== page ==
A Texas district court supoenaed Google and commanded the company to take down an unauthorized copy of the documentary "Enron: The Smartest Guys in the Room" from Google Video.
Given all the hoopla surrounding copyright and video sites these days, I thought it would be worthwhile to point out that Google was supoenaed by a Texas district court last week and commanded to take down an unauthorized copy of the documentary "Enron: The Smartest Guys in the Room."
The doc is no longer available on Google Video. Google spokespeople have told me before that Google receives and responds to take down notices on a fairly regular basis.
This really wouldn't be that interesting except that the rights to the Enron documentary are owned by Magnolia Pictures. Magnolia Pictures is owned by Mark Cuban, perhaps the most vocal critic of Google's acquisition of YouTube. (and a big fan of the Enron doc.)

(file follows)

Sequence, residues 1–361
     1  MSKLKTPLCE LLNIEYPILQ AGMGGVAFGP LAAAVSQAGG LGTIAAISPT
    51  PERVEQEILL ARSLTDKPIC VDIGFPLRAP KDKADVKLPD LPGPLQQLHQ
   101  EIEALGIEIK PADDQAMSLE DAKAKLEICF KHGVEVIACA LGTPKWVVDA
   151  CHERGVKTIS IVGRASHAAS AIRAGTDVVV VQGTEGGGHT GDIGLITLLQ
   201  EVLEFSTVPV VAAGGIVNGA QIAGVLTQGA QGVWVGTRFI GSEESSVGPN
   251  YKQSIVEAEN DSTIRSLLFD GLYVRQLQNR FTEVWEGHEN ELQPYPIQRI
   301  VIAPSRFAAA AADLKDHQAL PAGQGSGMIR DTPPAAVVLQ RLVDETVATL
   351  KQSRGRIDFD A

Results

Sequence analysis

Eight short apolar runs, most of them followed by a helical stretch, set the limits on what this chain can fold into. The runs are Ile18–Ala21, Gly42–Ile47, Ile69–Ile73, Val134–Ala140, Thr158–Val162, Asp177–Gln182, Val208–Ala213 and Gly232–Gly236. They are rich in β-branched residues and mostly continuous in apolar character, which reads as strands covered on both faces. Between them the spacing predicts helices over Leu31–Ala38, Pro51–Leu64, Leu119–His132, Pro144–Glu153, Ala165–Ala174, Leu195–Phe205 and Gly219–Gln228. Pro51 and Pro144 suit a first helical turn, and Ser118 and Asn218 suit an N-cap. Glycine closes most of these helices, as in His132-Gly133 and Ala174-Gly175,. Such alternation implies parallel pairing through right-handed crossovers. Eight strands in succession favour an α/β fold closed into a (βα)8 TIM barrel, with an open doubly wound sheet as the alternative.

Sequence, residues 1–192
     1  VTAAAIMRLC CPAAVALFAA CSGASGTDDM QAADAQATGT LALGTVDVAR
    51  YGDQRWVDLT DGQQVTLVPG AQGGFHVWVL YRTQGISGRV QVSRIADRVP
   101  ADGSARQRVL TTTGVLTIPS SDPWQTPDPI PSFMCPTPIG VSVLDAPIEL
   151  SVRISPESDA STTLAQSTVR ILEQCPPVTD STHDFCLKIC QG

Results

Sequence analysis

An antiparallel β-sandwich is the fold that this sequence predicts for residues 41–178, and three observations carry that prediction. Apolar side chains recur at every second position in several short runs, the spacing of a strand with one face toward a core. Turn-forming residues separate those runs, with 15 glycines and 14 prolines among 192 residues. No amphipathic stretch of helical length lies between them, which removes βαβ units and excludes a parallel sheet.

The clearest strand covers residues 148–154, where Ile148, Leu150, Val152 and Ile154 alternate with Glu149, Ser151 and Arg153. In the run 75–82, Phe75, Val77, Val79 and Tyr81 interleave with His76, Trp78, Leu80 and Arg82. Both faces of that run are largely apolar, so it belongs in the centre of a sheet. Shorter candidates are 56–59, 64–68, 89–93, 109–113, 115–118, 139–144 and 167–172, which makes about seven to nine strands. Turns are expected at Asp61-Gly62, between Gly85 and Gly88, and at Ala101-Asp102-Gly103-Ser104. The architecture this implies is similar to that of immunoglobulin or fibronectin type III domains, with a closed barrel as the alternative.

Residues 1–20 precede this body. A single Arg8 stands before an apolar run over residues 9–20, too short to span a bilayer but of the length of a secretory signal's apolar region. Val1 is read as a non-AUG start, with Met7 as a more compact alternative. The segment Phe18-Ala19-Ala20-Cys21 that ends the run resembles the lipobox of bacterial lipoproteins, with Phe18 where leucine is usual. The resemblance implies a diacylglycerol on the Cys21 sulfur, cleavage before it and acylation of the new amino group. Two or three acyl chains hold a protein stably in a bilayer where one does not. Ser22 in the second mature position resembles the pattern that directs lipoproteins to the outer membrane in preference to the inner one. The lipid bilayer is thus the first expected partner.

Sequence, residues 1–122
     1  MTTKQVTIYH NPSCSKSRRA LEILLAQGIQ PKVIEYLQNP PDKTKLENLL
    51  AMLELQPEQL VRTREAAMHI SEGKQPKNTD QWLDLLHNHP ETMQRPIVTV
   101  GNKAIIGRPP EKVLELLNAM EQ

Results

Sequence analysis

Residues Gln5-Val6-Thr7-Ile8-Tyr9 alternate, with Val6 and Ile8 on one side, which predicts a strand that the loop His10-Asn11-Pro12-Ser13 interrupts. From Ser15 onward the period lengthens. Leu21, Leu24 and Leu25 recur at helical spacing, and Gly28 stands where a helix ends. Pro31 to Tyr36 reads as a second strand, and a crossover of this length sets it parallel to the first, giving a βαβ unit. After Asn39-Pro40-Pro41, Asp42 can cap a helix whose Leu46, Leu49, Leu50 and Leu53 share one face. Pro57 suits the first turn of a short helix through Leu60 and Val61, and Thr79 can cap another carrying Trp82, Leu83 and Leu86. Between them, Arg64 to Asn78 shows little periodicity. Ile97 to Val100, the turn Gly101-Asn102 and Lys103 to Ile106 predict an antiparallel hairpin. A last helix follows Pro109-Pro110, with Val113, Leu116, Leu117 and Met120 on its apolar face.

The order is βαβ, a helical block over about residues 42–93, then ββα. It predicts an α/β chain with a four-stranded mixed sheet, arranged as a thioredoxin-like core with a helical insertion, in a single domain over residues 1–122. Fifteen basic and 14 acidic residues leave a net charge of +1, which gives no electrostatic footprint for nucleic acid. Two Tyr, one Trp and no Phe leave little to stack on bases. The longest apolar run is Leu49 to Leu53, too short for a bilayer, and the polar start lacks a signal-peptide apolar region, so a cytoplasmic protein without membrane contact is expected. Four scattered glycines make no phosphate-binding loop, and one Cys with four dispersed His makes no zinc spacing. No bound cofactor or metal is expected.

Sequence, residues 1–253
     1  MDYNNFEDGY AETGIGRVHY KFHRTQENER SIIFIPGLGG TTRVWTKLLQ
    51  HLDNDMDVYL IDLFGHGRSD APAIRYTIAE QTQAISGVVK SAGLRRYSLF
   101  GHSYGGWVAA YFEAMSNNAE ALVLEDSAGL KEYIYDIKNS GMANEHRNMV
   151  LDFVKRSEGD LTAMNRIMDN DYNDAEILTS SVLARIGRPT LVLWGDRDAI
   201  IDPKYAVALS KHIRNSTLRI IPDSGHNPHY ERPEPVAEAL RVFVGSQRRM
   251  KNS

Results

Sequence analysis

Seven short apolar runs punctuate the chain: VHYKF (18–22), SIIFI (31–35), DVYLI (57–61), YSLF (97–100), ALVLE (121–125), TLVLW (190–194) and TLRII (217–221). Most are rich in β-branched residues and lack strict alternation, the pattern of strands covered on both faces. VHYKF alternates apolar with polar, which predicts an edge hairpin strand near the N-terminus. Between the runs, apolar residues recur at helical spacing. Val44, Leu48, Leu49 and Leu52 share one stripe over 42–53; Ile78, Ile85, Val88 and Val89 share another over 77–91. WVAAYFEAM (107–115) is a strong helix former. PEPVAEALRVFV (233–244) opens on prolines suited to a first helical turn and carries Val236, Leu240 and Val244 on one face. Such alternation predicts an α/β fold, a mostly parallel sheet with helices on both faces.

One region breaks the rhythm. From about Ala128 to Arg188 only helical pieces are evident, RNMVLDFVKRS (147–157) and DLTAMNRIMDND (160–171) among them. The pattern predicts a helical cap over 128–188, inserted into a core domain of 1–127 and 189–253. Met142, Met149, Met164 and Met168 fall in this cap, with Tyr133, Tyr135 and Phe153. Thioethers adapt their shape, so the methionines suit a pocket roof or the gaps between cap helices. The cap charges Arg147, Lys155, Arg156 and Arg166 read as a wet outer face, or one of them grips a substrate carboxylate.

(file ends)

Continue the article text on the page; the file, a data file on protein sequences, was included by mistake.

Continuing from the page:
"If Google gets nailed one single time for copyright violation," Cuban wrote recently on his blog, "there are going to be more shareholder lawsuits than doans has pills to go with the pile on copyright suits that follow."
By removing the video promptly, Google is complying with the safe harbor provisions of the DMCA (Digital Millenium Copyright Act). Cuban wasn't immediately available for comment.
I spoke briefly with Jason Janego, Magnolia's head of legal affairs, about subpoenaing Google over the illicit video. "We get notices all the time of our films being online," he said. "It ranges from people who are fans of the film sending us an e-mail to our publicity marketing people."
He said Magnolia doesn't aggressively pursue copyright violators online, but when they're notified of a violation they issue a take down request.
"It's difficult to monitor this activity. Extremely difficult," he said.